It’s a little known fact that in the Great Train Robbery of 1963, the theft of £2.6 million in cash from a Royal Mail train travelling between Glasgow and London was accomplished by tampering with the line signals in order to stop the train. As train robberies go it was audacious. The haul was around £50 million in today’s money.
But as criminals masterminds go, the gang of 15 robbers that pulled off one of the most infamous heists in British history can’t compare to the current gang running the world’s central banks. Those people – Janet Yellen, Mario Draghi, Mark Carney and Haruhiko Kuroda – have managed to pull off an even greater heist.
By tampering with price signals – and here I’m talking about short-term and long-term interest rates – those central bankers have put trillions in global savings at risk. While the world has focused on the risks of Brexit, a bigger and more dangerous risk has emerged. The risk? That the “endgame” for central banks results in a massive fall in both stock and bond prices.
What about Brexit?
The last polls before last Thursday’s vote suggested Remain would take the day. As my college Charlie Morris of The Fleet Street Letter noted, that result would have seen UK equities in general, and British banks in particular, experience a nice surge.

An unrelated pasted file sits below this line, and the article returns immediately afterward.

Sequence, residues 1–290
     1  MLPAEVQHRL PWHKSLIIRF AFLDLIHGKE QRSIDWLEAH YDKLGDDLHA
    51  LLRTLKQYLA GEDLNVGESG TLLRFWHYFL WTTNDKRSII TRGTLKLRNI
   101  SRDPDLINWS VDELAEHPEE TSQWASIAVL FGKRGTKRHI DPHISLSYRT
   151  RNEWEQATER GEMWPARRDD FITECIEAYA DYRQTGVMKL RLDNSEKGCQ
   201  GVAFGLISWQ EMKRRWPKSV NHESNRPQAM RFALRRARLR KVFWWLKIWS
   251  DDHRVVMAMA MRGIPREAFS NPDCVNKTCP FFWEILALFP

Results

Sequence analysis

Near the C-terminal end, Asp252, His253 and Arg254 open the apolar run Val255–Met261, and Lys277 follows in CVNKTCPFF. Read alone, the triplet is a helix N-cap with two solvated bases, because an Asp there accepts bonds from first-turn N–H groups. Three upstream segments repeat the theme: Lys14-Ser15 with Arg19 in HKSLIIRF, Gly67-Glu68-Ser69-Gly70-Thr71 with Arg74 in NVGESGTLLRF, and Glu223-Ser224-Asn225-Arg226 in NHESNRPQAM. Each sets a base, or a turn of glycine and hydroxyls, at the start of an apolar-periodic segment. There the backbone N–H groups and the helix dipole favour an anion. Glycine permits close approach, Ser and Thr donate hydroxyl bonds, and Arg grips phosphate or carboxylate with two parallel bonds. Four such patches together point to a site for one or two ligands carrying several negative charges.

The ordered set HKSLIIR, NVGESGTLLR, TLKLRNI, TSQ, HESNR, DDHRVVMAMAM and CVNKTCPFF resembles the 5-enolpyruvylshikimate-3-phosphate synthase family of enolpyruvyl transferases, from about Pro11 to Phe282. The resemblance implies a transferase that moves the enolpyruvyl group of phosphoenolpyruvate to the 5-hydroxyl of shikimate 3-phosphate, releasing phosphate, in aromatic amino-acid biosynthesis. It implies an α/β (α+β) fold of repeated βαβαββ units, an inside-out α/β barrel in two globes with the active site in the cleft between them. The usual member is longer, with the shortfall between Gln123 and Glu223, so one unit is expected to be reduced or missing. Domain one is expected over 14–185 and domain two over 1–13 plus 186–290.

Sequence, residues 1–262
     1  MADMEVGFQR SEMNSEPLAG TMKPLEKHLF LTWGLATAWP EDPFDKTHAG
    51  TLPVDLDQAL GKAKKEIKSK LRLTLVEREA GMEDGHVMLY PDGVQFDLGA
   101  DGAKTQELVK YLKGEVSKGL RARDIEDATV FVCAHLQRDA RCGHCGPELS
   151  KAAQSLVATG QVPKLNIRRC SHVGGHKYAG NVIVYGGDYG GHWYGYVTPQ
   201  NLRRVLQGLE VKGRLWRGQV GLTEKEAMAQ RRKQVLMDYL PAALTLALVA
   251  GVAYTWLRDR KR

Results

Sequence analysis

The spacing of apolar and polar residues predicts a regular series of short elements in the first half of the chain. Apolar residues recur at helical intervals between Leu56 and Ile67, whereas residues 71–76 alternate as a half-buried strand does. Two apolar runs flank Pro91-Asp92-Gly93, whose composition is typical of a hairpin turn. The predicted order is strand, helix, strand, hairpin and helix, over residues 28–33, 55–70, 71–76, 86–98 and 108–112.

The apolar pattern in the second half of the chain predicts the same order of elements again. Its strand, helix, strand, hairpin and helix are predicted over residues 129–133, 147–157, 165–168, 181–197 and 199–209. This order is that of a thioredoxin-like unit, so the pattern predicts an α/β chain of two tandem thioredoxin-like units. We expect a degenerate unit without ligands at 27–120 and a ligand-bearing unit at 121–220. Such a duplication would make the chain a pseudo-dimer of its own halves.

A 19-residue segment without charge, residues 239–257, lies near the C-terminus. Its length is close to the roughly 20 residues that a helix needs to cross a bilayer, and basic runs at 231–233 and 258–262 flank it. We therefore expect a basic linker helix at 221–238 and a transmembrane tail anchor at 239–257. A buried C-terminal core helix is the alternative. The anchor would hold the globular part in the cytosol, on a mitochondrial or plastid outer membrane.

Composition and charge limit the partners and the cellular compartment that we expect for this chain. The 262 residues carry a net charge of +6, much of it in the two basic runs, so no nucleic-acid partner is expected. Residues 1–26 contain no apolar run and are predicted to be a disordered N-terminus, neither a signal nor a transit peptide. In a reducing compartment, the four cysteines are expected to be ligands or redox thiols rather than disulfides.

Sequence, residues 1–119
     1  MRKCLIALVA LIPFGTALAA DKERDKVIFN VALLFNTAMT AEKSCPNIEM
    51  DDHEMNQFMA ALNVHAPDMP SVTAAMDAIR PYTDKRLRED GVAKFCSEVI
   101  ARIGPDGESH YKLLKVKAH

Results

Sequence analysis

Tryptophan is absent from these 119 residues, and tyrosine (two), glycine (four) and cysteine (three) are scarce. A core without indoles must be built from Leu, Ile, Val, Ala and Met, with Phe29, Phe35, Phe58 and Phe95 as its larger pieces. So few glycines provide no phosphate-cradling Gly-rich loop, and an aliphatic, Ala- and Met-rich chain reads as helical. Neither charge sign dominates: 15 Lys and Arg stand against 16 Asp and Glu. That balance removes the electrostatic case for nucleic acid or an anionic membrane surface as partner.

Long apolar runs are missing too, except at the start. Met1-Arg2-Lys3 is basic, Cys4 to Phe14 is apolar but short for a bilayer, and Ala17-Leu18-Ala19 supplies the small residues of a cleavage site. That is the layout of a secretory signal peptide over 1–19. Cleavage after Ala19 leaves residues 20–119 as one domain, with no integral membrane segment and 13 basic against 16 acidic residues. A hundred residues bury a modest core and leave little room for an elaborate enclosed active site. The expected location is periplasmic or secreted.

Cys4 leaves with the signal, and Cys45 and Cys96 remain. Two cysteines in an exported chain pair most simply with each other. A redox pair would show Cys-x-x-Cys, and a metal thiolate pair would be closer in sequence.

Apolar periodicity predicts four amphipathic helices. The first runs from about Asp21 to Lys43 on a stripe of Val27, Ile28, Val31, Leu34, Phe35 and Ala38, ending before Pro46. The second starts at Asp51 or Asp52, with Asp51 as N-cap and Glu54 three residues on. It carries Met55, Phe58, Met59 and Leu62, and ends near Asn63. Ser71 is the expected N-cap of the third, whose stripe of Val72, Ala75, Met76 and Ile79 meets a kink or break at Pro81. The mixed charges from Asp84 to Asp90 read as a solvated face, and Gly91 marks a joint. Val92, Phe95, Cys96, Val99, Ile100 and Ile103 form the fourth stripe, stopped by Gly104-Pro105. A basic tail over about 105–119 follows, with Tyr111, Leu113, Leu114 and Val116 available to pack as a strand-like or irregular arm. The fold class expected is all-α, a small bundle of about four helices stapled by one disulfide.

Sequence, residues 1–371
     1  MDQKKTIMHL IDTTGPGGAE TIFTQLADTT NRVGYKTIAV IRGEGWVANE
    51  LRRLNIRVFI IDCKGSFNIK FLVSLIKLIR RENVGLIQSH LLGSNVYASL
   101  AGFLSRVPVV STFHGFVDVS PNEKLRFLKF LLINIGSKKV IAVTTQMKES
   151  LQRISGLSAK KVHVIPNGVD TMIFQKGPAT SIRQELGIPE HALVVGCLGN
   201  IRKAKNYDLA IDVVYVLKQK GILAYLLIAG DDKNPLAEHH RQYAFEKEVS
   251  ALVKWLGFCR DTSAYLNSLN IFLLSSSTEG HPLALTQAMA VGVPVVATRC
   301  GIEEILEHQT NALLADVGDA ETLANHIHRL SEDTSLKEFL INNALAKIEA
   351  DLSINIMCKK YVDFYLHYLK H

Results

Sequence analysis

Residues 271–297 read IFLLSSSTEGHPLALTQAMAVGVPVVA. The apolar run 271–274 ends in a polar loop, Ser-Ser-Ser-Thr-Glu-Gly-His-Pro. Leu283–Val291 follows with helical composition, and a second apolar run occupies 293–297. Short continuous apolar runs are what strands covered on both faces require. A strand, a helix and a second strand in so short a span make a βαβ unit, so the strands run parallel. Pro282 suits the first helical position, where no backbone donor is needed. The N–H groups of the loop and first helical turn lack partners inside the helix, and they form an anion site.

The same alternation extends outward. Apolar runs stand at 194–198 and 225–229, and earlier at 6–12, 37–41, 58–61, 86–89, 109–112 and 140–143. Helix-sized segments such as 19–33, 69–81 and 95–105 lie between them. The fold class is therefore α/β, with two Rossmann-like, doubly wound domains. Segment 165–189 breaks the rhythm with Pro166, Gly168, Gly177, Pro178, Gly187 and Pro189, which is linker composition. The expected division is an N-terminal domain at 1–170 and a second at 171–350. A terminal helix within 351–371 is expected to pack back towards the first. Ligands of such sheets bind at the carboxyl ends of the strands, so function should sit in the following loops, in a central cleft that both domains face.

That didn’t happen. Far from it. A Leave victory sparked chaos in financial markets. The FTSE’s down 350 points from its Thursday level, when the assumed Remain victory was already priced in. Banks, meanwhile, have been pounded. The FTSE 350 banks index is down around 17%, with certain big players like Lloyds hit even worse.
I personally think leaving will prove to be the best result for Britain in the long-run, despite this short-term turmoil. We were prepared for that turmoil, covering news as it unfolded on Friday. We’ll be doing the same over the coming weeks.
While the Brexit debate has raged, a bigger and more important story has been brewing. It’s the story of how a small cadre of central bankers took global interest rates to record lows, caused yet another dangerous bubble in financial asset prices (bonds), and managed to put the savings of an entire generation at risk when interest rates rise again.